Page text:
I met a woman today who immediately asked me where I’m “from,” she said, “because you have no accent.”
To have no discernible accent – I strive for that because accents can be distracting. They are both distracting and charming, yes – I must admit that. But I get hung up on them, and that’s a problem when it comes to speech comprehension.
Perhaps it isn’t one’s accent, in and of itself — perhaps it’s particular words that hang me up. I begin analyzing the pronunciation of one or two or three words, and then I’m not listening to the speaker anymore.
Take “coffee” for example. Forget that inviting, exciting, musky aroma for the moment. How do you say it? Do you say kwoff-ee or kaf-fee or cough-ee or kohr-fee or any number of other pronunciations?
What about “house”? Hoose? Hoce? Haas?
Wait. I was just about to extol the great diversity of American accents and dialects by borrowing a French phrase (“Long live the differences”). It took me two seconds to realize, however, that we are certainly not alone when it comes to variety of speech. Regional accents are common in or on most continents, countries, regions, and languages. From Europe to Asia, and Africa to the Middle East, accents in native languages abound. Okay, Canada doesn’t count.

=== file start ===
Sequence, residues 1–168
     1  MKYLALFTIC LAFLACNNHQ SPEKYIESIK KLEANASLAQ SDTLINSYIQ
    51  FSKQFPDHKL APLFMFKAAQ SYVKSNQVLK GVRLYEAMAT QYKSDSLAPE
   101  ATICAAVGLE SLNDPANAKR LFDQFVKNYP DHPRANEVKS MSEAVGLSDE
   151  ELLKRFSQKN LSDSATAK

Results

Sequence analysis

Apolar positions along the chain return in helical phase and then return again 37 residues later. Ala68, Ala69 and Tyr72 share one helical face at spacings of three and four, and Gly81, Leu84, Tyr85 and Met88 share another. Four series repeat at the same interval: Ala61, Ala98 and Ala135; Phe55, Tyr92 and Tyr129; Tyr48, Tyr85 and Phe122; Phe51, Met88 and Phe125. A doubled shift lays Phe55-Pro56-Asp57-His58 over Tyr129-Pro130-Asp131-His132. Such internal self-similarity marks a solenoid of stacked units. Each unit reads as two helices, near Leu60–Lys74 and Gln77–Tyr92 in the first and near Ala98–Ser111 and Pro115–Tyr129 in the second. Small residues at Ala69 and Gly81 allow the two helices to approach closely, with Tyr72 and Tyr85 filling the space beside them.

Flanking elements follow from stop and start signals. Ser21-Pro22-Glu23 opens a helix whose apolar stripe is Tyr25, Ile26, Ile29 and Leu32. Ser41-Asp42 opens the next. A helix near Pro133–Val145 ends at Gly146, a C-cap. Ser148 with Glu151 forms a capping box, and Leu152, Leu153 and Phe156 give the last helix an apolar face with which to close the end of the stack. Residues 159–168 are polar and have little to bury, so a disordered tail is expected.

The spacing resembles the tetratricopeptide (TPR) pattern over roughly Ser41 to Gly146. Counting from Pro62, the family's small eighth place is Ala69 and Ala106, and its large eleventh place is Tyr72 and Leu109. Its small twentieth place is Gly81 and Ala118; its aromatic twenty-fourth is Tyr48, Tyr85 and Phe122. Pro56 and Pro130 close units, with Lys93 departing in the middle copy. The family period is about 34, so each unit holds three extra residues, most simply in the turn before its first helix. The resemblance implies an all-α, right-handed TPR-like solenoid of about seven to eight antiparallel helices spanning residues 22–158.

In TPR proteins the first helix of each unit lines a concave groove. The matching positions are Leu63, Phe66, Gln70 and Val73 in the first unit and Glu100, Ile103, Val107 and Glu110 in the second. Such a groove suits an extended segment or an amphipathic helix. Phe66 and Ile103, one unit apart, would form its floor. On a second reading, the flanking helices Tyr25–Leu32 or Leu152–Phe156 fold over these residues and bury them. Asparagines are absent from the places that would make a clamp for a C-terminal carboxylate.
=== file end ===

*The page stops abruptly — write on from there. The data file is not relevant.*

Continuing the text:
Here’s something odd. My Boston cousins have distinctly different accents, despite being raised under the same roof. Ask Cousin Al his heritage and you might hear “Buorstin Tayin” escape his salty lips (Boston Italian. The “r” is only hinted at, not actually said.). Cousin Rose would tell you she’s from “Southie,” yet she sounds like a Nebraskan.
Shooting a friendly rack of billiards with a Mainer (a guy from Maine) in 1976, I heard this: “I know yoah prahlm.”
I cocked my head. “What. What’s my problem?”
“It’s yoah kyooh.”
“What,” I said again, inspecting the ferrule like a jeweler looking for a flaw.
“Ah-ha.” I set the cue on the table and rolled it over the green felt. “My cue is warped.”
That was more than 35 years ago – another time and definitely another place. But today, now, are we experiencing a leveling of our dialects? Are we slowly losing our lovely accents and our pockets of wonderful American personality? Could we soon become the Unlisted States of America?
Are the television and movie media creating some neutered and homogenized accent that Bill Gates calls “American English“? General American? Is this a global evolution or phenomenon across all languages?
So listen, in the short time I’ve been thinking about this, I’ve gotten badly worked up. I probably need to lighten my anxiety. Call me warped, but maybe I should leave these pressing language issues to the experts while I grab an Americano back at the coffeehouse.